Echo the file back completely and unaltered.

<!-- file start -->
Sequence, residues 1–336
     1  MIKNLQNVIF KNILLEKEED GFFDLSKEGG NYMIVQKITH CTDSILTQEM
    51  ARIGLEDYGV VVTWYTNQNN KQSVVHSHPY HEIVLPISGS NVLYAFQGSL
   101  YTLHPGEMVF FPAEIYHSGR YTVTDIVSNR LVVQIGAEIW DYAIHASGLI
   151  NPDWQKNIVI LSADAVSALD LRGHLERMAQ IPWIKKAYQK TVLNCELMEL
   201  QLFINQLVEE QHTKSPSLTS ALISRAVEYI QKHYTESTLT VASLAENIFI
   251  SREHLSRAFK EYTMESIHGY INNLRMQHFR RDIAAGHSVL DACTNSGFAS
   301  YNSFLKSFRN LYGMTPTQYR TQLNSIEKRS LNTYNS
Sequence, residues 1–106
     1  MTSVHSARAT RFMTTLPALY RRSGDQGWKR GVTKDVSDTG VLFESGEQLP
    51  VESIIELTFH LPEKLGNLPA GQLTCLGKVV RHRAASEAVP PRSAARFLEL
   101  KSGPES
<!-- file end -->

Sequence, residues 1–336
     1  MIKNLQNVIF KNILLEKEED GFFDLSKEGG NYMIVQKITH CTDSILTQEM
    51  ARIGLEDYGV VVTWYTNQNN KQSVVHSHPY HEIVLPISGS NVLYAFQGSL
   101  YTLHPGEMVF FPAEIYHSGR YTVTDIVSNR LVVQIGAEIW DYAIHASGLI
   151  NPDWQKNIVI LSADAVSALD LRGHLERMAQ IPWIKKAYQK TVLNCELMEL
   201  QLFINQLVEE QHTKSPSLTS ALISRAVEYI QKHYTESTLT VASLAENIFI
   251  SREHLSRAFK EYTMESIHGY INNLRMQHFR RDIAAGHSVL DACTNSGFAS
   301  YNSFLKSFRN LYGMTPTQYR TQLNSIEKRS LNTYNS
Sequence, residues 1–106
     1  MTSVHSARAT RFMTTLPALY RRSGDQGWKR GVTKDVSDTG VLFESGEQLP
    51  VESIIELTFH LPEKLGNLPA GQLTCLGKVV RHRAASEAVP PRSAARFLEL
   101  KSGPES